Some waxes exhibit a transition from one crystalline structure to another at a specific temperature below the melting point. The transition is accompanied by the release of heat, referred to as "heat of transition." The total latent heat is the sum of the heat of fusion and the heat of transition. This accounts for the differences between total latent heat and heat of fusion in the above table. The heat of transition tends to be smaller in higher melting waxes, and consequently the total latent heat and heat of fusion are nearly the same in those waxes.
Of the waxes in the above table, only I.W.L. Grade Numbers 1255 and 1260 have melting points high enough to maintain a DET of 140° F.
In practice, the temperature maintaining plates for hot foods are heated preliminarily to melt the wax. The food trays and temperature maintaining plates are stacked in an insulated container for transportation. As stated previously, the wax loses its heat faster than the food. When the wax reaches its temperature at which it begins to solidify, it will stay at that temperature while it gives up its latent heat. Therefore, the wax lengthens the time that the food is held above the DET.
If the mass of the wax is at least a predetermined percentage of the mass of the food, adequate heat will be available to keep the food from dropping below the desired temperature. The desired temperature may be either the DET, or a still higher temperature if it is desirable to continue cooking of the food, while it is in transit or while it is being held before serving at a location where there is no heated holding equipment available.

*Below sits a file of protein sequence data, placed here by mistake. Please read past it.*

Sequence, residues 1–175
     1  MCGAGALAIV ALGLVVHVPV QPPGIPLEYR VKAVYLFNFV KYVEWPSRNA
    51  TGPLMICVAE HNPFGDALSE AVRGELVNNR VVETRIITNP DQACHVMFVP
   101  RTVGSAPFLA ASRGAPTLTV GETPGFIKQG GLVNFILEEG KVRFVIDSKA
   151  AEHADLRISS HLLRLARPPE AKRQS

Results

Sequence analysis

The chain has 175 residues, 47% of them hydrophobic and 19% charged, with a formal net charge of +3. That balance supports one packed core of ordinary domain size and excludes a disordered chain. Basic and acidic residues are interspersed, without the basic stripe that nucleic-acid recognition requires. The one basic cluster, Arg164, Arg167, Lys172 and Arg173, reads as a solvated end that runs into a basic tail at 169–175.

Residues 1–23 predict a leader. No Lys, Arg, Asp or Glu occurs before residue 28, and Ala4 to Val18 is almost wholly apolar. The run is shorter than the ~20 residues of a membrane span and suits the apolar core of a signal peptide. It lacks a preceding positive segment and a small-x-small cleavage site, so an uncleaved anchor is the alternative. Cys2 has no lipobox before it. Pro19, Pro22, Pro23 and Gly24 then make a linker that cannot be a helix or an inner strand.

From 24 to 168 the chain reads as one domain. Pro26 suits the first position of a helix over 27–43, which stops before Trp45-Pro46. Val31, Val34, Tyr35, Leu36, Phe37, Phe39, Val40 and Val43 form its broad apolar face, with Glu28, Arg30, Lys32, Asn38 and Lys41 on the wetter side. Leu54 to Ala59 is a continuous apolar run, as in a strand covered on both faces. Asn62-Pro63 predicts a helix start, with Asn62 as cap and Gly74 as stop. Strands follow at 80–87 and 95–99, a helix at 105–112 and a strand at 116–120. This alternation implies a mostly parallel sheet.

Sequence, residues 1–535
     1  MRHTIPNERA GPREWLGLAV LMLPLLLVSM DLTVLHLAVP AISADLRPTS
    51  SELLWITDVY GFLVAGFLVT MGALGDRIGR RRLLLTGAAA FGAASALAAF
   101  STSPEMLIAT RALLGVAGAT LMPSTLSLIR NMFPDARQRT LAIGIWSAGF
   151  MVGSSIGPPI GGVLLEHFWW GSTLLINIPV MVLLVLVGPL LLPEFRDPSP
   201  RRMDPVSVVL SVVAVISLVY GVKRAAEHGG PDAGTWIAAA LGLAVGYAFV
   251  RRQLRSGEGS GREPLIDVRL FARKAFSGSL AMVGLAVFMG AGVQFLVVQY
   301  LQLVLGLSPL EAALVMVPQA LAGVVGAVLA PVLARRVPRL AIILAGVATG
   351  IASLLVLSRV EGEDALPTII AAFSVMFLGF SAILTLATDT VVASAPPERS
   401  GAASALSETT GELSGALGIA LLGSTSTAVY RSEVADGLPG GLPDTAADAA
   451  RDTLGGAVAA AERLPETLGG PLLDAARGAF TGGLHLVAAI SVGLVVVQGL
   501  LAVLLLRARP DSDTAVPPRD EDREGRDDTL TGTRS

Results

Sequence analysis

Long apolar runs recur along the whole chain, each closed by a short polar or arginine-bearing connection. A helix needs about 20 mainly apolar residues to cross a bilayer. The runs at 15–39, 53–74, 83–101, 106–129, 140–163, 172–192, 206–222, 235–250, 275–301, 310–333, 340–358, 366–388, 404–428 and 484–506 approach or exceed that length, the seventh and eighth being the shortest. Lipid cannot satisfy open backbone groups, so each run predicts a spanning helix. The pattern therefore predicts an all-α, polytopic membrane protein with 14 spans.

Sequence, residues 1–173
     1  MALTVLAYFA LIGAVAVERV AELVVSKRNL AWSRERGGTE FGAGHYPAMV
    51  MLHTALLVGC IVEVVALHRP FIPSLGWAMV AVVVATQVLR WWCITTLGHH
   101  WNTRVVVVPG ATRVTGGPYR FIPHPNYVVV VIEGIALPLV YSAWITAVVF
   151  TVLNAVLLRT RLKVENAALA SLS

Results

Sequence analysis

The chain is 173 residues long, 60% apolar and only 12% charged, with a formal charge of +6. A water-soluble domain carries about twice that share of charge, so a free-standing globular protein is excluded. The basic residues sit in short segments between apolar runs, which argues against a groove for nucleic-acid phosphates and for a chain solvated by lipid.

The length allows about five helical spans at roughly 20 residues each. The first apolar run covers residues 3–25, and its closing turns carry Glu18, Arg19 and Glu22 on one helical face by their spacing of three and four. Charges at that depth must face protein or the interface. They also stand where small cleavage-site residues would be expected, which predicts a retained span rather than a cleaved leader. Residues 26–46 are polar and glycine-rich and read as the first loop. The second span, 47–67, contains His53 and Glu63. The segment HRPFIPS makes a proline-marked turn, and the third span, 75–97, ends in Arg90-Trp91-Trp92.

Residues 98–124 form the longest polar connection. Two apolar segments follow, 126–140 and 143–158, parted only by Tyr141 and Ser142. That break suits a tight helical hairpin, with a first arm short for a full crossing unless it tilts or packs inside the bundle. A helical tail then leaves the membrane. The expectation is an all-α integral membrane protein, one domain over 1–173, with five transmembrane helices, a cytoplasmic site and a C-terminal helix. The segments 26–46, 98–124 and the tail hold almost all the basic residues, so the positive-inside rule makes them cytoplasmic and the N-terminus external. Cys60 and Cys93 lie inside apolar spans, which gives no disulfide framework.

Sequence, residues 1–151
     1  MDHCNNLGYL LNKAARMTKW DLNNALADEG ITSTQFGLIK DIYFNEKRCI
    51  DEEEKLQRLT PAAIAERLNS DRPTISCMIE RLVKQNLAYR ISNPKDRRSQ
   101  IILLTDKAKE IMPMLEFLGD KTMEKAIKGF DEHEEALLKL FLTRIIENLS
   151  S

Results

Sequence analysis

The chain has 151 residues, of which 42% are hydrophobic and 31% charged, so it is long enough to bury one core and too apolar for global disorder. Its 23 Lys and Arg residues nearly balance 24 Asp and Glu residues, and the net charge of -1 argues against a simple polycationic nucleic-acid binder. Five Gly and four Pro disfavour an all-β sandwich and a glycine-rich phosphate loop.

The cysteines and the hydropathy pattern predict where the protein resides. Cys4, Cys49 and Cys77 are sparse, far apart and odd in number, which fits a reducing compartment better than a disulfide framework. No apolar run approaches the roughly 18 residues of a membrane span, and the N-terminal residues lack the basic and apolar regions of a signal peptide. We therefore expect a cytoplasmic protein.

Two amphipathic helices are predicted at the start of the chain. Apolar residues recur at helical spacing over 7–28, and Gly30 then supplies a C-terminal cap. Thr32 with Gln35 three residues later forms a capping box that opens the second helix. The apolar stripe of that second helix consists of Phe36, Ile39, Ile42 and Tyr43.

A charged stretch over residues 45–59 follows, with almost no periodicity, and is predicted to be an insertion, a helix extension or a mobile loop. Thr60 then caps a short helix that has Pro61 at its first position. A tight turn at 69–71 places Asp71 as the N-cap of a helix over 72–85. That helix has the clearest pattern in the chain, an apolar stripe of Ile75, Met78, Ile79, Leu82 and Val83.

Since the energy available for heating is a function of the latent heat, one pound of wax having a latent heat of 100 BTU/lb. would be able to raise one pound of water 100°, or the energy will be available to keep the water temperature from dropping below the present DEL. Thus, if there are 10 pounds of food inside the insulated container, 10 BTUs would have to be given up to lower the temperature of the food by one Degree F. This heat loss can be offset (at the DEL) by one pound of wax having a latent heat of 100 BTU/lb.
In a typical food service tray containing approximately 10 pounds of food, a temperature maintaining plate containing 2 pounds of wax, only 5% of the energy available in the wax is needed to raise the temperature of the food by 1 Degree F.